The Forensic Crime Scene

The Forensic Crime Scene

Collected and properly stored, it could become contaminated, lost or tampered with causing the evidence to be thrown out of court if it even makes it that far. After taping off the scene, investigators will collect any evidence found around the crime scene. All fingerprints, DNA samples and objects will be sealed and tagged for transport to the forensic lab. If a body is involved, the body is not moved until a coroner arrives and does a primary examination of the body. Then the body is bagged and transported.


The autopsy will tell the cause of death, time of death, manner of death, any evidence of marks on the body and then it is stored. This was not the case in the Laci Peterson murder. Scott Peterson, her husband was convicted of killing his pregnant wife and disposing of the body. Forensic science could not determine the exact cause of death. Laci disappeared December 2002, her body was not found until April 14, 2003, and the unborn baby was from April 13, 2003 about three miles from where her husband had said he had been fishing.


The bodies were badly decomposed and the autopsy could not pinpoint the cause of death, but DNA proved that the baby was Conner and the female was Laci Peterson. The autopsy did prove that Laci has three broken ribs prior to her death. The only forensic evidence found was a hair of Laci’s on a plier in Scott’s boat. The conviction of Scott Peterson was circumstantial more than it was based on forensic evidence.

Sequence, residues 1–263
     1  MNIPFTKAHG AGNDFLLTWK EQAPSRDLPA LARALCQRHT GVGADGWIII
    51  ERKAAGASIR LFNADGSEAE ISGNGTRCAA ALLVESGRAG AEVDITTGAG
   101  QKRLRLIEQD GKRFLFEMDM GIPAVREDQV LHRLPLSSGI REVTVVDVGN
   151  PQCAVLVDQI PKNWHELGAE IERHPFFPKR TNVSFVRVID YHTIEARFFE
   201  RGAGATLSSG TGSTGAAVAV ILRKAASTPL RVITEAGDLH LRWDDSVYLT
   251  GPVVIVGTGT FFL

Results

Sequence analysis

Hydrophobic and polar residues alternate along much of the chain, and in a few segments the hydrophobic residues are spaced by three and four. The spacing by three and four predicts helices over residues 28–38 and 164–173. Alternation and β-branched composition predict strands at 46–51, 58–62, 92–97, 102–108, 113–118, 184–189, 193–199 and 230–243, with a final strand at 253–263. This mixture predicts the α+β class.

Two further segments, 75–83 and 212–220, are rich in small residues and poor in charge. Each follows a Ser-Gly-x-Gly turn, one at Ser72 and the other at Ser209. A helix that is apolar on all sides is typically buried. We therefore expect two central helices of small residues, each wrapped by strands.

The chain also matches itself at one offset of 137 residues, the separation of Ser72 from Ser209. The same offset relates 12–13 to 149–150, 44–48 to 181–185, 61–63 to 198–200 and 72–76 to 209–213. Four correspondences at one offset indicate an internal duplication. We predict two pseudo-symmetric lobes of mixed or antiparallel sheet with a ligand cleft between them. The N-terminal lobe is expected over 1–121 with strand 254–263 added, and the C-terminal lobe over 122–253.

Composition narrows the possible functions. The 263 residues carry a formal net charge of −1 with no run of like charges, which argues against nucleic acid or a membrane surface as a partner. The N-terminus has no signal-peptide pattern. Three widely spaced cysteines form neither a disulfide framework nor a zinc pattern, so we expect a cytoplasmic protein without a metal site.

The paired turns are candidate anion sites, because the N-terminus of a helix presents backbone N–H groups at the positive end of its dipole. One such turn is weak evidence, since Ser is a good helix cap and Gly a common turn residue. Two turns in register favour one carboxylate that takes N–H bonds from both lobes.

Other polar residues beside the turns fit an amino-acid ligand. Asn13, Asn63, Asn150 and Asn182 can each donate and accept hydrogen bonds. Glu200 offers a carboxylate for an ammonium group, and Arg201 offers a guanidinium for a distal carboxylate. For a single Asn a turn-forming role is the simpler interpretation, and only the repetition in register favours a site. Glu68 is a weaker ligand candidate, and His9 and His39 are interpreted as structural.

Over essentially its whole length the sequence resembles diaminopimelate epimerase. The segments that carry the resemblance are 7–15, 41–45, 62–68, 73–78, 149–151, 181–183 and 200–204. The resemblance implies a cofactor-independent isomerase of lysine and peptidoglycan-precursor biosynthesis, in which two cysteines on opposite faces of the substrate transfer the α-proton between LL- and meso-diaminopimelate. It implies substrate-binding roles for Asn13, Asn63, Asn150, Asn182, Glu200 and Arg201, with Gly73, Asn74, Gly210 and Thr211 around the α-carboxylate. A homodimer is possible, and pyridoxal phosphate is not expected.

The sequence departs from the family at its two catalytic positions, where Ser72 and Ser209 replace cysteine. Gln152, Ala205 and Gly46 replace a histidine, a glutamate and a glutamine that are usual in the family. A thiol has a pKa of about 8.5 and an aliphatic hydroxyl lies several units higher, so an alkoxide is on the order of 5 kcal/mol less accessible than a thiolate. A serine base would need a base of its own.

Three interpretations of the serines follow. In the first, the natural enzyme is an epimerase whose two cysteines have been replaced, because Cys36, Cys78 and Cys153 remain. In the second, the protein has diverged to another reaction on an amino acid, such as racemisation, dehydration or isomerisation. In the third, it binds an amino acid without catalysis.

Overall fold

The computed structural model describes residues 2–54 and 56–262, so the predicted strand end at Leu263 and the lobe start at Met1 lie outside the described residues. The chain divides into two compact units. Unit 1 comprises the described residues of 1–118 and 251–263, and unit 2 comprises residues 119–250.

Because Scott was not a suspect in his wife’s death, key pieces of evidence in the home, boat, garage and other places may have been missed. If he had been suspected, it is possible that investigators could have found forensic evidence connecting Scott to the murders. In any case, Scott Peterson was convicted on key witness information and sentenced to death. Scott is appealing.


If the court grants the appeal against the conviction because no forensic evidence directly connects Scott Peterson to the murder of his wife and baby, he could stand a chance of being released. There is a need for forensic evidence in a criminal act. If the case stands only on circumstantial evidence, it may not be enough for a conviction. In some cases, it is, but not all.


Forensic science told investigators that the baby, Conner, was not a full term baby. Even though the defense speculated that he was full term to draw suspicion away from Scott and more at a kidnapper. A hydrologist that studies tides could not precisely, but only probably say how the tide was flowing when Laci disappeared.  More forensic science, but it did not confirm anything that pointed at Scott Peterson.